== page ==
LES FILLES DU ROI
Daughters of the King
King Louis XIV of France decided to adopt a plan to establish a better foothold in the new North American Colony of Quebec. The King's plan was to encourage single or widowed young women to go to Quebec, marry one of the single or widowed Frenchmen there, raise a family and establish themselves as permanent colonists. Compared to France the New World was harsh, with the lack of amenities, the danger from the Indians, harsh winters and its isolation. The cost of sending each Filles du Roi to New France was 100 livres: 10 for the recruitment, 30 for clothing and 60 for the crossing itself --the total being roughly equivalent to $158.00 today. As an incentive to enlist, the young women were to be awarded a dowry of from 50 French pounds up. (About $79.00 in today’s dollars) The Royal treasury provided the necessary funds and was fully supported by King Louis XIV of France. Thus, due to this support, these recruits came to be called “Les Filles du Roi”, or "The Kings Daughters" in English.
In France, parish priests announced the King's program from the pulpit in an attempt to recruit eligible young women to leave France and travel to the New World. The young women were told they would be doing "a good service for God and their country" to go to this primitive land and marry the single men of Quebec.
The Filles du Roi candidates were carefully picked by agents of the King of France for their good qualities. Records indicate many had good backgrounds, some with good educations; some had money from inheritances; yet others with little or no education. Some came from upper middle class families, but for the most part, they were poor peasant farm girls who had very little education and could neither read or write. For a period of seven years, the King of France sent at his expense, several thousand young women to New France, the recruiting of Filles du Roi took place in Paris, Rouen and other northern cities of France. Each had to present their birth certificates and a recommendation from their parish priest or local magistrate that she was free to marry. A few women came from other European countries, including Germany, England, and Portugal. For some women who were orphans or had no financial prospects, it was a chance for a better life. In those days a woman without parents or who was poor had no dowry. Without a dowry, they could neither marry nor become a nun in the church. Their only option was a life of servitude.
The chosen were held to scrupulous standards, which centered on their "moral caliber" and whether they were physically fit enough to survive the hard work demanded by life as a colonist. In fact, several of the filles du Roi were sent back to France because they were judged not to satisfy the standards set out by the King and the intentions of France.
Those chosen were provided their cost of passage from France and each received a hope chest with personal items which also included practical items, thread, needles, pins, comb, scissors, knives and some cash, among other items. They were provided suitable clothing and provisions upon their arrival in Quebec. Most remained in Quebec, while the remaining were sent to Montreal and Trois-Rivieres to meet the eligible bachelors in those areas.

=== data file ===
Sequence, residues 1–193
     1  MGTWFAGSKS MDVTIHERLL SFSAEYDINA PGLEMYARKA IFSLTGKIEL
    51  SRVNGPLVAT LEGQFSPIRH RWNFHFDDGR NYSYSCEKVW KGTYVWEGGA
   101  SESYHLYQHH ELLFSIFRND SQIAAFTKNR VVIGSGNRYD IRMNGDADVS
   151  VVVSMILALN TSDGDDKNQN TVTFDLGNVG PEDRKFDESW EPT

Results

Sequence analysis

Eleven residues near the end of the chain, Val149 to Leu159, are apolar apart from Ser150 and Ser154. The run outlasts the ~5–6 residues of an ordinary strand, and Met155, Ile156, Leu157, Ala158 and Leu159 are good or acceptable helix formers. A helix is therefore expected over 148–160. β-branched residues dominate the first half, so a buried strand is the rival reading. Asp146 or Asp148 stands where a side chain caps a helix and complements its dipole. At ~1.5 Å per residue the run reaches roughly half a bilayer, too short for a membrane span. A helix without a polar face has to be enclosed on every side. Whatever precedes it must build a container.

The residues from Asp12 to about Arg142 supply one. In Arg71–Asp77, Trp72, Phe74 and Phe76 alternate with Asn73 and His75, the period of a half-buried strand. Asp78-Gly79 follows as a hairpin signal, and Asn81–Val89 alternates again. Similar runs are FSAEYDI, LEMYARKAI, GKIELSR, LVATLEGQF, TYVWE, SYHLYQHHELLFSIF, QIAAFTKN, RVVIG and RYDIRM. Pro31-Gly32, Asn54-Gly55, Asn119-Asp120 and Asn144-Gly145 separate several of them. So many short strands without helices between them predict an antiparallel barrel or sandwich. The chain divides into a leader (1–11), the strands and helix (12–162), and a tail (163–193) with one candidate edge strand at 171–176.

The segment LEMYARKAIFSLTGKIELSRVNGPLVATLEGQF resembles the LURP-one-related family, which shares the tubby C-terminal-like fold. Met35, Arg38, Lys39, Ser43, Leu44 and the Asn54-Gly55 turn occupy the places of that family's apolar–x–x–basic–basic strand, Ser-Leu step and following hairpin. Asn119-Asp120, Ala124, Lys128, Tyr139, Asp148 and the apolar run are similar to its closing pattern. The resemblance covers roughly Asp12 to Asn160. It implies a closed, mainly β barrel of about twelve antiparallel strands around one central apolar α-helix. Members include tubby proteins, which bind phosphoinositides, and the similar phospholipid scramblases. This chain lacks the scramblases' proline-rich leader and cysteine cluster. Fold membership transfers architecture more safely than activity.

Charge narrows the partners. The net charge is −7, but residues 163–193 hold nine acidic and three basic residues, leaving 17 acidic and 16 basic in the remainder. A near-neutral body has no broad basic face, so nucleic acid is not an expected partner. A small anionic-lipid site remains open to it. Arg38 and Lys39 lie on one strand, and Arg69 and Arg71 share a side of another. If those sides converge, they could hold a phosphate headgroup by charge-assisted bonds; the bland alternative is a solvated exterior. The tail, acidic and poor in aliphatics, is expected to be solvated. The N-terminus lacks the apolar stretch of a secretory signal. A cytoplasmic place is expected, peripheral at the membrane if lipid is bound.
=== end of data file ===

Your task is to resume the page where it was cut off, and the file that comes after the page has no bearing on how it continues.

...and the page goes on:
After a perilous and uncomfortable journey across the ocean with an appointed chaperone, they reached Quebec. When the Filles du Roi arrived, they were taken in by Sister Marguerite Bourgeoys, the religious founder of La Congregation of Notre-Dame. Initially, there were no comfortable lodgings to receive them, but in 1668 Sister Bourgeoys procured a large farmhouse in which to house them called the Maison Saint-Gabriel. Upon their arrival in Canada, the women received room and board until they were married. She and her four assistants were also responsible for interviewing the many bachelors that came seeking a wife at her order's office at Maison Saint-Gabriel.
On October 27, 1667, in a letter to Jean-Baptiste Colbert, Quebec intendant Jean Talon confirmed the recent arrival of the first young ladies. Jean Talon wrote:
Instead of the 50 that your dispatch had me hope for, 84 young girls were sent from Dieppe and 25 from La Rochelle. There are fifteen or twenty from quite good families; several are real young ladies and quite well brought up…
In France Madame Bourdon was made responsible for one hundred and fifty girls whom the king sent to New France in vessels from Normandy. She wrote that the young women in her charge gave her plenty of exercise during such a long voyage since they were of all kinds and conditions. Some were very badly brought up and very difficult to handle. Others were better bred and gave Mme. Bourdon more satisfaction
In the year 1663 one of those answering the call for young women to sail to Canada from France as a prospective bride was Marguerite Gaillard, age about 27 years, the widow of Hercule Duperron. Hoping to start a new life in Canada she brought along her possessions worth about 200 Livres in addition to the dowry provided for the Filles du Roi by the king. Shortly after arriving, in July of 1664, she married Francois Provost, again widowed, she married Louis Charles Saucier and became the modern day mother of all Saucier families in North America.